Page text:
Colts quarterback quandary – can’t win Super Bowl with Philip Rivers – might not make playoffs without him

The discussion of whether Philip Rivers should be back with the Colts will be moot if Rivers decides to hang it up.

The reason to move on from Philip Rivers as Colts quarterback has nothing to do with the bad plays he avoids, but the great plays he cannot make.  The lack of mistakes is not enough to win a championship.

The well-earned rap on Rivers when he left the Chargers to join the Colts was the frequency with which he threw the ball to opponents.  He exceeded expectations with the Colts for not throwing it to the other guys by lowering the interceptions total from 20 in 2019 to 11 in 2020, and the Colts won more games (11) with Rivers than anyone had a right to believe they could.

An 11-5 record put the Colts into the playoffs, and that was a solid regular season result, but assessing quarterback play in the AFC shows the Colts have a significant disadvantage in the playoffs even if Rivers plays clean.  That chasm was put into clear focus Saturday in Buffalo as Josh Allen‘s versatility was a significant reason the Bills beat the Colts.

The four starting quarterbacks on AFC teams that will play in the divisional round this weekend are Allen, Patrick Mahomes, Lamar Jackson, and Baker Mayfield.  Combined, they ran for 134 first downs during the 2020 season (Jackson – 56, Allen – 38, Mahomes – 22, and Mayfield – 18).  Rivers ran for none.  In playoff games this weekend, Jackson ran 16 times for 136 yards and Allen ran 11 times for 54 yards.  Rivers did not run, which was good because he can’t.

In the film Finding Forrester, Sean Connery’s character gives a great piece of advice as a mentor to a high school student named William, “A key to a woman’s heart – is an unexpected gift at and unexpected time.”  Just as true is a similar adage, “The key to winning a playoff game is unexpected yards at a necessary time.”

Rivers is incapable of providing those yards, while Allen, Mahomes, Jackson, and Mayfield do it again and again.

Another thing Rivers is not capable of, if Saturday’s performance can be used as a guide, is moving the football into field goal range for a game tying kick with two-and-a-half minutes left on the clock and a single timeout in his pocket.  That isn’t all Rivers’ fault.  Frank Reich blew one of the timeouts with a useless replay challenge, and the other timeout seemed to result from the officials not resetting the play clock.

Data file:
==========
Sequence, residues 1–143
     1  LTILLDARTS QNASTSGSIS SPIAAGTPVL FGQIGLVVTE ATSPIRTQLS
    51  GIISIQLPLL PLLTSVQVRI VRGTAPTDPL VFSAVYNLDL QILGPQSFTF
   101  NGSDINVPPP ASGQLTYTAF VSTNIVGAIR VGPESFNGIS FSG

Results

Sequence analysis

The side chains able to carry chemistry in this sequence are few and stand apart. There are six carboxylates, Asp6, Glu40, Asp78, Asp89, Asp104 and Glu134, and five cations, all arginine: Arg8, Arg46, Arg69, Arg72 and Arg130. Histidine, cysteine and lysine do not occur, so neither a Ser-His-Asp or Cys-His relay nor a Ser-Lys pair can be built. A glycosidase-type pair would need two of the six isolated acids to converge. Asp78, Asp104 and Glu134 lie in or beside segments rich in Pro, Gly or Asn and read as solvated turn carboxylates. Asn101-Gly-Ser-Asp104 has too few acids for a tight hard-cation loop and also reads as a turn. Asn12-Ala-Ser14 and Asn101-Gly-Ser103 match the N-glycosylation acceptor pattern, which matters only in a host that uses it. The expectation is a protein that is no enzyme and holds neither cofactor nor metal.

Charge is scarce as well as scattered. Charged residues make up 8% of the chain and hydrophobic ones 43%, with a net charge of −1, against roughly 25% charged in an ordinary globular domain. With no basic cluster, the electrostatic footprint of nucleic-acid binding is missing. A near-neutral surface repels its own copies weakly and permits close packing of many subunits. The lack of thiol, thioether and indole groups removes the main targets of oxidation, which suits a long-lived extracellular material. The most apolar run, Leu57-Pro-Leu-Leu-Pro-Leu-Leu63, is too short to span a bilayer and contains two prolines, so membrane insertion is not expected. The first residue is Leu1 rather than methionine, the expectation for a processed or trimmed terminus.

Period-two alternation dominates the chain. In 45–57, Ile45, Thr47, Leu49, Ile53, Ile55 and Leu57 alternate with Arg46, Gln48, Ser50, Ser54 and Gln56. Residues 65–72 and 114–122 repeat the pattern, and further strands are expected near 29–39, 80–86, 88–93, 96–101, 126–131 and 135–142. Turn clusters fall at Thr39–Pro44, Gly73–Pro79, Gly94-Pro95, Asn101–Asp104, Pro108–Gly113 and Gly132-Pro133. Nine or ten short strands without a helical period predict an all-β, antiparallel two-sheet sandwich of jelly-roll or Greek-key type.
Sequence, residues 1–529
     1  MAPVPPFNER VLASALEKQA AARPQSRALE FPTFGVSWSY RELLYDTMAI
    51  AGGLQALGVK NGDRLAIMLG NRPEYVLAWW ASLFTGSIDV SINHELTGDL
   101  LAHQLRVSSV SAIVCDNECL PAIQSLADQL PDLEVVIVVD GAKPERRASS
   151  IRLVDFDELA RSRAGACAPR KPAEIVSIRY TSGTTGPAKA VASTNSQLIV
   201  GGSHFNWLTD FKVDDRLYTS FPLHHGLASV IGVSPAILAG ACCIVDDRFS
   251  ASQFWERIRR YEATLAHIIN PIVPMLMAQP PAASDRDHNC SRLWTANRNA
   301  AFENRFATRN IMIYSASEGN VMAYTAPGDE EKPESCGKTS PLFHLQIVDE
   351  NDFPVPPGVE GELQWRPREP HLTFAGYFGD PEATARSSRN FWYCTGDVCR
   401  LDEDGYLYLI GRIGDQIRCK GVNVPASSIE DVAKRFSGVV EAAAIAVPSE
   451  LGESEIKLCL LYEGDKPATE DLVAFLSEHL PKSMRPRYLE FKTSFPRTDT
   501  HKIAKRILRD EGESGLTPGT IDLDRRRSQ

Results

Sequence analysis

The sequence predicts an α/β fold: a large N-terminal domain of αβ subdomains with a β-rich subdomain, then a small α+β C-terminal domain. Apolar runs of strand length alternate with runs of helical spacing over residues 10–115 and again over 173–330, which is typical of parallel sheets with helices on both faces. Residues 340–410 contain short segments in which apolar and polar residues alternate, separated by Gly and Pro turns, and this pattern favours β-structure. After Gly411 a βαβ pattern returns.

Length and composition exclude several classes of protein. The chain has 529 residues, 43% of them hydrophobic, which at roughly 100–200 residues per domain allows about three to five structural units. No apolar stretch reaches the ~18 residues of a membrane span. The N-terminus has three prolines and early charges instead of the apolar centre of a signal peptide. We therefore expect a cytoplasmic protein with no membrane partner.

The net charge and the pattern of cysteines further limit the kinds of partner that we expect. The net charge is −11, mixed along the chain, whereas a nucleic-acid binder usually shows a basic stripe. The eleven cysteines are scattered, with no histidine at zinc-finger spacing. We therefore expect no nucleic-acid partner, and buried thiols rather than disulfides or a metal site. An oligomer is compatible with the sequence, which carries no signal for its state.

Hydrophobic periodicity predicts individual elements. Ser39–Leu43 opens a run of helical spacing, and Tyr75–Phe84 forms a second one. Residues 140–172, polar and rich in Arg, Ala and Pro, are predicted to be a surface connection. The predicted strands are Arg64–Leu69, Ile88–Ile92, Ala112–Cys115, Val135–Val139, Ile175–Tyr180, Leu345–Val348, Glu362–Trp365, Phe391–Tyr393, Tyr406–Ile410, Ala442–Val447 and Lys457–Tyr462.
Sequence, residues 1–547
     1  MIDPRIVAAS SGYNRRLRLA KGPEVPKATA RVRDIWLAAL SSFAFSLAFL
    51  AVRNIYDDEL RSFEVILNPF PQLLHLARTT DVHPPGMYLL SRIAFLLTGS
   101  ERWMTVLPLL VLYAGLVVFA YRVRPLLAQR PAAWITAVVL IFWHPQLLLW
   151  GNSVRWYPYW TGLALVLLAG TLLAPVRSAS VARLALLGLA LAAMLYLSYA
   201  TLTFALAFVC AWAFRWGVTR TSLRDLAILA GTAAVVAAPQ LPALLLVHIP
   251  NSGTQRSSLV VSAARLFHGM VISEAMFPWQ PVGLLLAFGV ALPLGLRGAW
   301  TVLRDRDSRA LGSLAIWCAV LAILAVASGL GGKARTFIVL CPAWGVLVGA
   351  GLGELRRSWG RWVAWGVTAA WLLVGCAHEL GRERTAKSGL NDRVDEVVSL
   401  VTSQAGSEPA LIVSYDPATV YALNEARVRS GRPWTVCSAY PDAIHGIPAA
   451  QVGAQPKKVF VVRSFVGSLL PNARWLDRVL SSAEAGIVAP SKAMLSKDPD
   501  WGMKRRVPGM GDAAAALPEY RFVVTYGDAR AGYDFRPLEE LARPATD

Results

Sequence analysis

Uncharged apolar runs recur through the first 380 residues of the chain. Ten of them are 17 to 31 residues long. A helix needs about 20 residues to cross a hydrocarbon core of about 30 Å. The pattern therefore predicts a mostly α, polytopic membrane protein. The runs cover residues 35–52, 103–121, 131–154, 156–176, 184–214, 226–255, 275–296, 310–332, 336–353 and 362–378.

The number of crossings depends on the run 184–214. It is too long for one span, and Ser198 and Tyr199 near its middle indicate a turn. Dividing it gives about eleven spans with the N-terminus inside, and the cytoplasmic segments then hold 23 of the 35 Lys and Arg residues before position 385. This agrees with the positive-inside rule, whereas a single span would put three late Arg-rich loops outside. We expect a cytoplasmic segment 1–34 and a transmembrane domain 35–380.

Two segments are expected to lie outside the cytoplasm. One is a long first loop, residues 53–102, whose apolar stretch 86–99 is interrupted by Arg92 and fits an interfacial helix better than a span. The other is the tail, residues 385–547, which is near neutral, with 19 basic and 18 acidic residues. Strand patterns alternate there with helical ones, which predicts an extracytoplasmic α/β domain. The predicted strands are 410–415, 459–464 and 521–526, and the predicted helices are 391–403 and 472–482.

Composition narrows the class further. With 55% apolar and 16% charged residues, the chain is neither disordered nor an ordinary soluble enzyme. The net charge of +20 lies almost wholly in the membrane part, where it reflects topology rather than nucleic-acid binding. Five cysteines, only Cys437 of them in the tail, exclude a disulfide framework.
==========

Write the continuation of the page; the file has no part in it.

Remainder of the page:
Still, the final play of the Colts last gasp 13-play, 39-yard drive was a Hail Mary Rivers launched from midfield that never reached the end zone.  Being able to throw a football 75 yards is not a prerequisite for NFL success, but Hail Marys that don’t cross the goal line are certainly doomed to fail.

The loss to the Bills doesn’t fall squarely on Rivers’ shoulders.  Blame is shared by Reich, Kemoko Turay for being drawn offsides as the Bills faced a crucial 4th and 3 late in the first half, and Rodrigo Blankenship knocking a 33-yard field goal into the right upright are easy and accurate targets.  Rivers didn’t really do anything wrong, but he isn’t capable of doing nearly as much right as Allen.

QBR is a nice approximator of a quarterback’s total value to an offense.  Unlike Passer Rating, it takes into account ability to run the ball.  The four QBs we discussed earlier have far superior QBRs to Rivers 62.7.  Mahomes – 82.9, Allen – 81.7, Jackson – 73.9, and Mayfield’s is 72.4.  All are in the NFL’s top 10.  Rivers is 18th, right between Kirk Cousins and Mitchell Trubisky.

In fact, seven of the eight remaining quarterbacks in the playoffs are in the top 10.  The only exception is the Rams’ Jared Goff, but he has the luxury of the NFL’s best defense mitigating the effect of his mediocrity on Rams.

Rivers is not to be blamed or held in lower regard because of his limitations.  He is who he is – a great guy who loves football and plays as well as he is capable.  That’s the damnable aspect of evaluating Rivers as a candidate for 2021 – his work in 2020 was to his potential.  Maybe he could shave a couple of interceptions from the 11 he threw this year, but overall he was as good as anyone had a right to expect.

The other very important piece of the puzzle for 2021 is – if not Rivers, then who?  Does Chris Ballard want to hand the keys to the offense to fourth round rookie Jacob Eason?  Probably not. What about signing yet another imperfect free agent?  The names Trubisky, Fitzpatrick, Dalton, and Newton give you goosebumps only if you cheer against the Colts.

Good is the enemy of great, but it is the enemy of sucking too!

At 39, Rivers has never been to a Super Bowl, and hasn’t made it to a conference championship since the day after rookie running back Jonathan Taylor‘s ninth birthday.  But at least the Colts know they can make the playoffs with Rivers slinging it awkwardly while rooted in the pocket.

Rivers is who he is – an old quarterback whose greatest assets are between his ears and within his chest.  The world might be a better place if that’s all it took for a quarterback to contend for a championship, but unique physical gifts are every bit as important.  It takes a strong arm to win, and unless you are Tom Brady, you better have some quick feet too.

Leave a Reply

Your email address will not be published. Required fields are marked *